These are the only photos I have of squash bees nesting. From 1971!
I haven't found any myself, yet.
Squash bees (genus Peponapis) nest in the ground. They are "gregarious," meaning that although they are solitary bees, that build their nests near each other.
According to bee research pioneers who took these photos, squash bees prefer LAWNS for their nesting sites. Weird! Nest holes are usually concentrated in a few areas of a lawn. Frequently in barer patches. But also in 'protected' places like under shrubs, next to a tight clump of grasses, along sidewalks, even under wood planking (see Figure 2). Apparently squash bees don't mind a lot of moisture (from irrigation), either.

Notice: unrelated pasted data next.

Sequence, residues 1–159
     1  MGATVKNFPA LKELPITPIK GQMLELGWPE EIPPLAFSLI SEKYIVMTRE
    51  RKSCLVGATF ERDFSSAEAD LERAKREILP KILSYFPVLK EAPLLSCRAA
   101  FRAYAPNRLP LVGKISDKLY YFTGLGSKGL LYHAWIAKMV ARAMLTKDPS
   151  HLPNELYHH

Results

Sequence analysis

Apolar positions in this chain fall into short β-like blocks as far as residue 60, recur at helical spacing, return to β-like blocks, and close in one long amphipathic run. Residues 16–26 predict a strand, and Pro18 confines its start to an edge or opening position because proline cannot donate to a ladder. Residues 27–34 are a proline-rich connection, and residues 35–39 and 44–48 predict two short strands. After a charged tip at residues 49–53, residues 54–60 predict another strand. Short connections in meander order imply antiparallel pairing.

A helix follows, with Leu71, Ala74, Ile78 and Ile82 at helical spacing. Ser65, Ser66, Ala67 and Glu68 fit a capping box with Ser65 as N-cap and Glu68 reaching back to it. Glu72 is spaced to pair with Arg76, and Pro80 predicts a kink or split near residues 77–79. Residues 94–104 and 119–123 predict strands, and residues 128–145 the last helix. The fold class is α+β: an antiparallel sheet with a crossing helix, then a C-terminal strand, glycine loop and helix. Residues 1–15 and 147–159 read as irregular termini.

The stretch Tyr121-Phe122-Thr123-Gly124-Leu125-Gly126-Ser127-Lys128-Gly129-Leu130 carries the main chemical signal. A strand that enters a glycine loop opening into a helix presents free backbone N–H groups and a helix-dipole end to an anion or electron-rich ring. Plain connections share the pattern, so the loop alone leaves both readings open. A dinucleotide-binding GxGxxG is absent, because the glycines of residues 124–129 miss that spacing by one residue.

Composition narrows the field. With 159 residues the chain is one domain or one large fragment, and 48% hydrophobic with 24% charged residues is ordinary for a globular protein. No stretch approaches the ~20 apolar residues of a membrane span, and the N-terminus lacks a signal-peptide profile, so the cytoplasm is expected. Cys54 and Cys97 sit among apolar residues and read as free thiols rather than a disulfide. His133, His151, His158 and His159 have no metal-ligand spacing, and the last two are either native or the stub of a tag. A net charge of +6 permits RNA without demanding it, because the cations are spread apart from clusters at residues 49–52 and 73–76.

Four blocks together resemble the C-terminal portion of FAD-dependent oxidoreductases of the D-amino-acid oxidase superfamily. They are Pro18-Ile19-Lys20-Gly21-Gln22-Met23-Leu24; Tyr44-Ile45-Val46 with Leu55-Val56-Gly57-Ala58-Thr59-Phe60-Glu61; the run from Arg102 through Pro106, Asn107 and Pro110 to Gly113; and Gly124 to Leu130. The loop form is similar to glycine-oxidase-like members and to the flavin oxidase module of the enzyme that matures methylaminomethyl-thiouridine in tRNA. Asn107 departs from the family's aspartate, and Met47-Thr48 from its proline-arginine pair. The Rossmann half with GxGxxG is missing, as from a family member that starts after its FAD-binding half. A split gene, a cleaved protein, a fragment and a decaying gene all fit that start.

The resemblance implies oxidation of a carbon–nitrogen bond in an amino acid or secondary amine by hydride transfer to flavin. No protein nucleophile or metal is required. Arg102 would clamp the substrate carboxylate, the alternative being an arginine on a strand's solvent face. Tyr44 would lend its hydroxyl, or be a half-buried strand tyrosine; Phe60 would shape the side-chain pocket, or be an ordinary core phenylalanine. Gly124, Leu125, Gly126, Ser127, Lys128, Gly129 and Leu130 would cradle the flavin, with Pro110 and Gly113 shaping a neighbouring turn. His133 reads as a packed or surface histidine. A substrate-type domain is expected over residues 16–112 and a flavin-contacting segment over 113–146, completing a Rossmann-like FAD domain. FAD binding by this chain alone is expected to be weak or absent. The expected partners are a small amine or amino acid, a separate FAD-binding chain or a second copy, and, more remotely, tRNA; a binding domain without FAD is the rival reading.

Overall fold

I won't rest until I find a nest site in Salt Lake City. Squash bees are everywhere right now... and they are taunting me!
Hurd, PD, EG Linsley, and AE Michelbacher. 1974. Ecology of the squash and gourd bee, Peponapis pruinosa, on cultivated cucurbits in California (Hymenoptera: Apoidea). Smithsonian Contributions to Zoology, Number 168. Smithsonian Institution Press.